State v. Clark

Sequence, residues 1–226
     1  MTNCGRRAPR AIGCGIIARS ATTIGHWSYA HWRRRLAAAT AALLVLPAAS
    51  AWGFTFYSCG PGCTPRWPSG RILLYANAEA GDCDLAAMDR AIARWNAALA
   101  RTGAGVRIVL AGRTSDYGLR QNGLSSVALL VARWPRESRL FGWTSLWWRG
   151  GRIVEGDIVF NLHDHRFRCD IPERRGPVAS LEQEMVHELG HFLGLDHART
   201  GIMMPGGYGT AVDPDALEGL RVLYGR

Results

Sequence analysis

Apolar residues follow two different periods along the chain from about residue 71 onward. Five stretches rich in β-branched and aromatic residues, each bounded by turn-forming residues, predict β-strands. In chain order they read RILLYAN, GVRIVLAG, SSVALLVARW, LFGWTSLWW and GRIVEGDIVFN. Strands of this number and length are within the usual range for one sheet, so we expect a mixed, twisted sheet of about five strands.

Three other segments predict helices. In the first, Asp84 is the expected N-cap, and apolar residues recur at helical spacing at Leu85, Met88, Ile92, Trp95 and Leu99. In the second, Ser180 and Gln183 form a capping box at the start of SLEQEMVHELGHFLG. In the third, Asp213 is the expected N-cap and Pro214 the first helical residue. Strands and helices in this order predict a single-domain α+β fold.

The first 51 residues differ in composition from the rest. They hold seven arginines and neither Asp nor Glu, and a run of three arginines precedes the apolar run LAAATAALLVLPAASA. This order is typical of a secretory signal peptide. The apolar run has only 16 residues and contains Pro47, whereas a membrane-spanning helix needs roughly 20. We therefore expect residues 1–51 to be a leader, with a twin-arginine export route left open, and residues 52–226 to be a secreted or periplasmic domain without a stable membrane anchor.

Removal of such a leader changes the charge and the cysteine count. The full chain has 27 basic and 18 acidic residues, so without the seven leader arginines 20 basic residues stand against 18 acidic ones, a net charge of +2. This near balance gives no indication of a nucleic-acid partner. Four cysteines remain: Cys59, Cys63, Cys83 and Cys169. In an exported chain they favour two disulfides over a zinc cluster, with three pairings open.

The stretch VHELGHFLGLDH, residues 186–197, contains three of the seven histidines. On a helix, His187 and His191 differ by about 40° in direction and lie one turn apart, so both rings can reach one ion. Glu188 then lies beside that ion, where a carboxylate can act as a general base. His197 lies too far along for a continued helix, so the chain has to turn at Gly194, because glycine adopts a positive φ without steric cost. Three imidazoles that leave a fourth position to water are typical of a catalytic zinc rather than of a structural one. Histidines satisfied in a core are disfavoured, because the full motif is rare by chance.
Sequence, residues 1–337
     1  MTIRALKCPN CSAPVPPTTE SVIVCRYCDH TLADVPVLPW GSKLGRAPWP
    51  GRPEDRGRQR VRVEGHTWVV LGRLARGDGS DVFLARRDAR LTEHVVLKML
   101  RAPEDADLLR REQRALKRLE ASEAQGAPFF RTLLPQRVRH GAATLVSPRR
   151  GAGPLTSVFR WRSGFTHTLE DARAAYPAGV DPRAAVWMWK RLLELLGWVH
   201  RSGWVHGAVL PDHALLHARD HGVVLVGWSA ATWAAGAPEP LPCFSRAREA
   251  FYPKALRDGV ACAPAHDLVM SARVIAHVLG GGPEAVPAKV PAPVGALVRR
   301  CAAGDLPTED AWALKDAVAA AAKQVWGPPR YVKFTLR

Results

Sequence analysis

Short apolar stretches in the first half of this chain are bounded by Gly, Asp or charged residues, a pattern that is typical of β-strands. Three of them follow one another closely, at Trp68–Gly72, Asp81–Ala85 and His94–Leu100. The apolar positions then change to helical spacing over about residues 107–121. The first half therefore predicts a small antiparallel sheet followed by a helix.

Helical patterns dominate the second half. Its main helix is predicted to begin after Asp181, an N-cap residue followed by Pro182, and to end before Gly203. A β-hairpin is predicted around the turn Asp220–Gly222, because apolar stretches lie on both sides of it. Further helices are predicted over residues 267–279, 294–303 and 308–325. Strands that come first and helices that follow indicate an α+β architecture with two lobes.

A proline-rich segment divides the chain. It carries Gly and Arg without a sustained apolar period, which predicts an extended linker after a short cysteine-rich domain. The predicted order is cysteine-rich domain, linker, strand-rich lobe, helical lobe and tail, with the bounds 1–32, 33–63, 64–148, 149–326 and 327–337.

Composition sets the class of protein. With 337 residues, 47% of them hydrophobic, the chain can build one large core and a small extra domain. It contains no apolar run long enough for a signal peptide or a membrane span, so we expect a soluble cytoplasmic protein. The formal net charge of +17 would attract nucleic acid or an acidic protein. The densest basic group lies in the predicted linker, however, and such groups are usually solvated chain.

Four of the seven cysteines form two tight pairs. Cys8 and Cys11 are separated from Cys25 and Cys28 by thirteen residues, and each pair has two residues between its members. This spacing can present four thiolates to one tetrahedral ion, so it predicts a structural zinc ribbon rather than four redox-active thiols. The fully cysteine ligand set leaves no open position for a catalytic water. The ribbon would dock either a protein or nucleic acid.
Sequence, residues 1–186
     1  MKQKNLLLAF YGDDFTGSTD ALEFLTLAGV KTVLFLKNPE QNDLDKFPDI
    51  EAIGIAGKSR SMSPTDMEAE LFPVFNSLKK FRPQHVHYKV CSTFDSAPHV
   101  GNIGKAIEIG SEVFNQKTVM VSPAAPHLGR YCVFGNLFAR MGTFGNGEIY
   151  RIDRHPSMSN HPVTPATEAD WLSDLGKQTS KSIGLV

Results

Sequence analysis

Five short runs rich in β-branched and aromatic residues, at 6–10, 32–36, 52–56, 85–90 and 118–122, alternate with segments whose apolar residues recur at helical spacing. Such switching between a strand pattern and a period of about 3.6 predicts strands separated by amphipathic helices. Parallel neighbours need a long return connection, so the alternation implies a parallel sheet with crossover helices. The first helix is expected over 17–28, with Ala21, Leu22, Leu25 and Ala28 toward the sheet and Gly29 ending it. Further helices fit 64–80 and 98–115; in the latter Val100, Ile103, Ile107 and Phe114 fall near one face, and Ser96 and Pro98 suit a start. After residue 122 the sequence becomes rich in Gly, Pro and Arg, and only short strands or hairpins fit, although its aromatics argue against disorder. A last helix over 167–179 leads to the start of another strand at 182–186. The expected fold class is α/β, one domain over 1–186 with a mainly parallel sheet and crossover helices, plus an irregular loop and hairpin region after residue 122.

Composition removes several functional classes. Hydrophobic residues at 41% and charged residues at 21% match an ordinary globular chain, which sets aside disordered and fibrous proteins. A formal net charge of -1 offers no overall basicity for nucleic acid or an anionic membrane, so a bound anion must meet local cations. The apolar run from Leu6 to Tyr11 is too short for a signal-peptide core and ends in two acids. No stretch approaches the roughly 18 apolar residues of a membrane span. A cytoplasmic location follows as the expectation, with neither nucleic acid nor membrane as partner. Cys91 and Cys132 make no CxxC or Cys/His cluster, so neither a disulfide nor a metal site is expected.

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[Cite as State v. Clark, 2018-Ohio-794.] IN THE COURT OF APPEALS ELEVENTH APPELLATE DISTRICT TRUMBULL COUNTY, OHIO STATE OF OHIO, Plaintiff-Appellee, : OPINION : CASE NO. 2017-T-0081 - vs - : RICHARD A. CLARK, Defendant-Appellant. : : Civil Appeal from the Trumbull County Court of Common Pleas, Case No. 2013 CR 225. Judgment: Affirmed. Dennis Watkins, Trumbull County Prosecutor, and Ashleigh Musick, Assistant Prosecutor, Administration Building, Fourth Floor, 160 High Street, N.W., Warren, OH 44481 (For Plaintiff-Appellee). Richard A. Clark, pro se, PID: A644-839, Marion Correctional Institution, P.O. Box 57, 940 Marion-Williamsport Rd., Marion, OH 43302 (Defendant-Appellant). THOMAS R. WRIGHT, P.J. {¶1} Appellant, Richard A. Clark, appeals the trial court’s denial of his “motion to vacate” his underlying convictions. We affirm. {¶2} Clark raises three assigned errors, addressed collectively: {¶3} “[1] The trial court lacked subject matter jurisdiction over said case because the charging instruments were never properly filed. And without a properly filed ‘criminal complaint’ the trial court could not have had subject matter jurisdiction/jurisdiction, which makes the judgment/conviction void and illegal and should be dismissed [sic]. {¶4} “[2] The trial court abused its discretion by failing to dismiss appellant’s case with prejudice, based on the fact that the ‘criminal complaint’ had never been filed in said case. So there could never have been a bindover from the Municipal Court [sic] in violation of Appellant’s Constitutional right[s] per Amendments 4, 5, 6, 14 to the United States. Which [sic] makes the judgment/conviction void and illegal and should be dismissed. {¶5} “[3] The trial court abused its discretion by litigating a matter with which the trial court/appellees had presumed knowledge that no ‘bindover’ had [taken] place from the Municipal Court to the Common Pleas Court of Trumbull County of Ohio to invoke the subject matter jurisdiction/jurisdiction of the trial court itself. [sic] Which is a Constitutional Violation of Amendments 4, 5, 6, 14 to the United States. [sic] Because there was never a properly filed ‘criminal complaint’ which makes the judgment/conviction void and illegal and should be dismissed.” {¶6} A criminal defendant’s “motion to vacate” a conviction filed after a direct appeal constitutes a petition for postconviction relief. State v. Netter, 10th Dist. Franklin No. 14AP-544, 2014-Ohio-5668, ¶7, citing State v. Draughon, 10th Dist. Franklin No. 13AP-345, 2014-Ohio-1460, citing State v. Bankston, 10th Dist. Franklin No. 13AP-250, 2013-Ohio-4346, ¶7. When an appellant’s postconviction challenges to his conviction raise purely legal issues, we review the matter de novo. Id. {¶7} Clark was indicted by the Trumbull County Grand Jury in April of 2013. The indictment charged him with three offenses, i.e., aggravated murder, aggravated robbery, 2 and possession of heroin. Clark pleaded not guilty, and the state, with the court’s permission, dismissed the possession of heroin charge. {¶8} Following a jury trial in September 2013, Clark was convicted of aggravated murder and aggravated robbery, both first-degree felonies. He was sentenced to life without the possibility of parole for the aggravated murder and a consecutive sentence of 10 years for the aggravated robbery. We affirmed his convictions in his direct appeal. State v. Clark, 11th Dist. Trumbull No. 2013-T-0106, 2014-Ohio-5704. {¶9} In July 2017, Clark filed a pro se motion to vacate his convictions alleging they are void because the trial court lacked jurisdiction since there was never a properly filed criminal complaint setting forth the charges against him before his case was bound over from the municipal court to the Trumbull County Court of Common Pleas. Clark does not challenge the validity of his indictment, but maintains the trial court lacked jurisdiction due to a lack of a criminal complaint. {¶10} Contrary to Clark’s arguments, however, a complaint is not required to invoke a court’s jurisdiction. Crim.R. 7(A) states in part: {¶11} “A felony that may be punished by death or life imprisonment shall be prosecuted by indictment. All other felonies shall be prosecuted by indictment, except that after a defendant has been advised by the court of the nature of the charge against the defendant and of the defendant's right to indictment, the defendant may waive that right in writing and in open court.” {¶12} Crim.R. 7(B) sets forth the requisite content and nature of an indictment, which, among other things, must include the charges against an individual, including the “numerical designation of the statute that the defendant is alleged to have violated * * *.” 3 {¶13} In Gotel v. Gansheimer, 11th Dist. Ashtabula No. 2006-A-0087, 2007-Ohio2311, ¶8, aff'd, 116 Ohio St.3d 316, 2007-Ohio-6437, 878 N.E.2d 1041, we addressed a nearly identical argument raised by Gotel, who claimed he was never formally charged via a criminal complaint, and thus argued that the trial court lacked jurisdiction to hear the charges against him. We rejected his argument, however, explaining, {¶14} “petitioner's theory as to the proper method for asserting criminal charges conflicts with the elementary provisions of the Ohio Rules of Criminal Procedure. In applying Crim.R. 3, 4.1, 6, and 7, the courts of this state have concluded that a complaint is only one means for instituting a criminal action, and that charges can also be brought by an indictment or information. * * * In regard to this basic point, it has also been emphasized that, pursuant to R.C. 2931.03, a common pleas court has original jurisdiction over all crimes except for certain minor offenses; thus, the filing of a proper indictment through the grand jury is sufficient to invoke that court's jurisdiction. Peters v. Anderson, 9th Dist. No. 02CA008096, 2002-Ohio-6766.” (Emphasis sic.) Id.; see, also Thornton v. Russell, 82 Ohio St.3d 93, 694 N.E.2d 464 (1998) (finding defects in the criminal complaint filed in municipal court inconsequential because the petitioner was convicted and sentenced on the indictment). {¶15} Like Gotel, the common pleas court’s jurisdiction over the charges against Clark is based on the indictment, and the charges against him in the municipal court, if any, are of no significance to the jurisdiction of the court of common pleas. Gotel, supra, at ¶11; State ex rel. Jackson v. Brigano, 88 Ohio St.3d 180, 2000-Ohio-292, 724 N.E.2d 424; State v. Gaitor, 7th Dist. Mahoning No. 13MA189, 2014-Ohio-4010, ¶15-17. {¶16} Accordingly, Clark’s assigned errors lack merit and are overruled. 4 {¶17} The trial court’s decision is affirmed. DIANE V. GRENDELL, J., COLLEEN MARY O’TOOLE, J., concur. 5